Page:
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Minimally invasive surgery of the anterior skull base: transorbital approaches.

Gassner HG, Schwan F, Schebesch KM - GMS Curr Top Otorhinolaryngol Head Neck Surg (2016)

Bottom Line: The more recently described transorbital approaches represent minimally invasive alternatives with a differing spectrum of access corridors.The purpose of the present paper is to discuss transorbital approaches to the anterior skull base in the light of the current literature.Their execution requires an interdisciplinary team approach.

View Article: PubMed Central - HTML - PubMed

Affiliation: Department of Otolaryngology, Head & Neck Surgery, University Medicine of Regensburg, Germany.

ABSTRACT
Minimally invasive approaches are becoming increasingly popular to access the anterior skull base. With interdisciplinary cooperation, in particular endonasal endoscopic approaches have seen an impressive expansion of indications over the past decades. The more recently described transorbital approaches represent minimally invasive alternatives with a differing spectrum of access corridors. The purpose of the present paper is to discuss transorbital approaches to the anterior skull base in the light of the current literature. The transorbital approaches allow excellent exposure of areas that are difficult to reach like the anterior and posterior wall of the frontal sinus; working angles may be more favorable and the paranasal sinus system can be preserved while exposing the skull base. Because of their minimal morbidity and the cosmetically excellent results, the transorbital approaches represent an important addition to established endonasal endoscopic and open approaches to the anterior skull base. Their execution requires an interdisciplinary team approach.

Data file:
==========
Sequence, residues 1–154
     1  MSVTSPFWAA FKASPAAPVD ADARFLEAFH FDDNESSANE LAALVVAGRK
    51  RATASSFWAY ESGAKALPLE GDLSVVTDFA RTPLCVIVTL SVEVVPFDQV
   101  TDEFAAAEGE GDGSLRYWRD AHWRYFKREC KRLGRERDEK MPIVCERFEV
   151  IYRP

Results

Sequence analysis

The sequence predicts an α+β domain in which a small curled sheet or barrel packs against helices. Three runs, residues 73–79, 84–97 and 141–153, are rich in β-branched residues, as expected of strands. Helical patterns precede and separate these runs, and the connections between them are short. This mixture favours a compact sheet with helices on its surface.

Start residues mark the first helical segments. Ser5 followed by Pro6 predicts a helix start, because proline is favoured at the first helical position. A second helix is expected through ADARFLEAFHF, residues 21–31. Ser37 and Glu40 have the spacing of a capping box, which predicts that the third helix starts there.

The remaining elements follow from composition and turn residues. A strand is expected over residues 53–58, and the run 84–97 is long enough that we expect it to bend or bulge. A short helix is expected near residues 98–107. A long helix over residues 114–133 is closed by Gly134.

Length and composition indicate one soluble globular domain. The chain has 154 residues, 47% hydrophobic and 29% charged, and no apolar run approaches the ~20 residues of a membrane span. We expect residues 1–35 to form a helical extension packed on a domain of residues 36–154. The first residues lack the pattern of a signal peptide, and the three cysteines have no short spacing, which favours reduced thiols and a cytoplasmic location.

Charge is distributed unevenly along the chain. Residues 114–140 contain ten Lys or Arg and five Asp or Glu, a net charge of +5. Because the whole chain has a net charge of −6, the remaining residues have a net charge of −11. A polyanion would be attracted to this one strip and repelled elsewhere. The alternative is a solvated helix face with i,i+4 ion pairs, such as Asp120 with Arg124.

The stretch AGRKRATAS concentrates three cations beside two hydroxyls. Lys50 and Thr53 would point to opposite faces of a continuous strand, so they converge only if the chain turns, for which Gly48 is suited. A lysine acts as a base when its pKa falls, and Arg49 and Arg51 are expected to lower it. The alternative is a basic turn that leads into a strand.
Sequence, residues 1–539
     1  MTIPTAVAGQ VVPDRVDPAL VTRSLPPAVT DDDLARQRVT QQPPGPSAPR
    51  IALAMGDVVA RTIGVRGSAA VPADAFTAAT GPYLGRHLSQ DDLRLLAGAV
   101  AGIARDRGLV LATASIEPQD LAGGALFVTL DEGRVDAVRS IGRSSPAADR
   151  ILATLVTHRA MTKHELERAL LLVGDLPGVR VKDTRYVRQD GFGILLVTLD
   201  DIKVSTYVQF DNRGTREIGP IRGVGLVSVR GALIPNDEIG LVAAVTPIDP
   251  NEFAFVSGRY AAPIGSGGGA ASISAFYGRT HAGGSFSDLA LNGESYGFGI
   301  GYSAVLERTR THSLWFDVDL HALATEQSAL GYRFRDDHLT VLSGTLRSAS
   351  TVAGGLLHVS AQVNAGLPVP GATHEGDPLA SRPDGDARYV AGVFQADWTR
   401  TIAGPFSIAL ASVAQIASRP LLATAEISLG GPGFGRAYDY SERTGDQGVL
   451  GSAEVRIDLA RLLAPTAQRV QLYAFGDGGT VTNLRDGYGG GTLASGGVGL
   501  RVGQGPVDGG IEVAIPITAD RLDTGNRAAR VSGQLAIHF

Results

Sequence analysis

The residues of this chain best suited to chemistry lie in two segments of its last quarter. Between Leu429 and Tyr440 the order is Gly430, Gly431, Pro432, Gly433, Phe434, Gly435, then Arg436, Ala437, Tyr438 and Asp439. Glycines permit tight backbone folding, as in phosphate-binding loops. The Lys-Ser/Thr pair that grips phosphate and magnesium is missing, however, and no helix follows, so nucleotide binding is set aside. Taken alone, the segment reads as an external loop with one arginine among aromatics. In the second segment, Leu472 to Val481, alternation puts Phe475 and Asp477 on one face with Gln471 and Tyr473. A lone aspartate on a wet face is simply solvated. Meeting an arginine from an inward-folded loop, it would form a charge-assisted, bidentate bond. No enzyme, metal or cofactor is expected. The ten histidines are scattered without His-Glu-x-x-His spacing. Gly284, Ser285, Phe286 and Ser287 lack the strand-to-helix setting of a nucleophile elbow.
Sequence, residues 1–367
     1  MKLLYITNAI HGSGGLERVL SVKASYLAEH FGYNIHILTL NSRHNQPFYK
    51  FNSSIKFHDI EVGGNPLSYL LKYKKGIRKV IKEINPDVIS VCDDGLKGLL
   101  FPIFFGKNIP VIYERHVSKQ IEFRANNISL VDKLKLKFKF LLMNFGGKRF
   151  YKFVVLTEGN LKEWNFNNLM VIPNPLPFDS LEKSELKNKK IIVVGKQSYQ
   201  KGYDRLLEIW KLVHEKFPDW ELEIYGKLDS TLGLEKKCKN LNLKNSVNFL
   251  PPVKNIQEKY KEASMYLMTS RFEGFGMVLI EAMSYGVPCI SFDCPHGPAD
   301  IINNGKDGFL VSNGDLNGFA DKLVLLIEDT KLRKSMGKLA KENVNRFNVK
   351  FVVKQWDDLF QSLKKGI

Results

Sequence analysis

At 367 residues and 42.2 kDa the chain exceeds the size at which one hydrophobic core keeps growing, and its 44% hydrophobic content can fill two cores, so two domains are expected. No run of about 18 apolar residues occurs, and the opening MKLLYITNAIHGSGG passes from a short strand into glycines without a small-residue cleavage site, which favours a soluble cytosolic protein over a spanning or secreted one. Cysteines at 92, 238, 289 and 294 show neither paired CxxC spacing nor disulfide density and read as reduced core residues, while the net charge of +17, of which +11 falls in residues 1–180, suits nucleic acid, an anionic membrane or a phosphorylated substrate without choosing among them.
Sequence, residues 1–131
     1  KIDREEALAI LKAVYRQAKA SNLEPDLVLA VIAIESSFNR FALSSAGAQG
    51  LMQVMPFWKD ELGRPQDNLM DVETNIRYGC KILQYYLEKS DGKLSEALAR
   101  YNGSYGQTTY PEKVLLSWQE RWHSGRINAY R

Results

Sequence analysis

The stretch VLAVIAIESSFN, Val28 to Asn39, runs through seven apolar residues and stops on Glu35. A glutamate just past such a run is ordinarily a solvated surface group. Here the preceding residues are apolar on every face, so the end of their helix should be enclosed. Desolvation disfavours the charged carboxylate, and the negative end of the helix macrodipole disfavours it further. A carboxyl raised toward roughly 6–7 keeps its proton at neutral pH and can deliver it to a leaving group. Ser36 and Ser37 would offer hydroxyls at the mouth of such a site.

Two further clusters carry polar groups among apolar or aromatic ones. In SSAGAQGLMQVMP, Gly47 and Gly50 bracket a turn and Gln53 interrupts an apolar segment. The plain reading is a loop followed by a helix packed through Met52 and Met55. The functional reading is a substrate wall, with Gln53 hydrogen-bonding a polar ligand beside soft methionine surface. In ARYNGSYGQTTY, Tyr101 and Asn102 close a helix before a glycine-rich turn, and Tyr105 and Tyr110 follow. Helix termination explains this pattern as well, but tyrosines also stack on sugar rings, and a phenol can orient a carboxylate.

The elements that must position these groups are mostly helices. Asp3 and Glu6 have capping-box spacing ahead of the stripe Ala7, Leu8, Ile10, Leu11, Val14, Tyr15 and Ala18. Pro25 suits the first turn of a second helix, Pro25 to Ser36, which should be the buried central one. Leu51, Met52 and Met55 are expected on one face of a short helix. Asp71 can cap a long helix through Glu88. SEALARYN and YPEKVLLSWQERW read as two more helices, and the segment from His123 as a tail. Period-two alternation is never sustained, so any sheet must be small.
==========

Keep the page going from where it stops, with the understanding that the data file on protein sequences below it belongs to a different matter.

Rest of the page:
No MeSH data available.


Related in: MedlinePlus

“Classical” supratarsal incision (dashed black line); the authors prefer the supra-supratarsal incision (actual incision line) which allows enhanced exposure of the anterior skull base with excellent and generally invisible scarring.
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Figure 5: “Classical” supratarsal incision (dashed black line); the authors prefer the supra-supratarsal incision (actual incision line) which allows enhanced exposure of the anterior skull base with excellent and generally invisible scarring.

Mentions: The superior lid crease approach is also called upper eyelid approach. Moe et al. and Boahene et al. describe the skin incision in the supratarsal fold. The authors of the present paper favor an incision about 7–12 mm above the supratarsal fold. This “supra-supratarsal incision” remains located in the thin skin of the upper eyelid and avoids the skin of the eyebrow that is clearly different with regard to texture and color. The higher supra-supratarsal incision corresponds to the superior incision of a cosmetic blepharoplasty, just like the supratarsal incision it generally remains without visible scars (Figure 5 (Fig. 5)). The access corridor to the anterior skull base becomes larger due to the more superior placement of the incision, a lateral extension to the crow’s feet is still possible. The mainly sub-periosteal access to the orbital roof is medially limited by the trochlea and laterally be the canthal ligament [1], [2].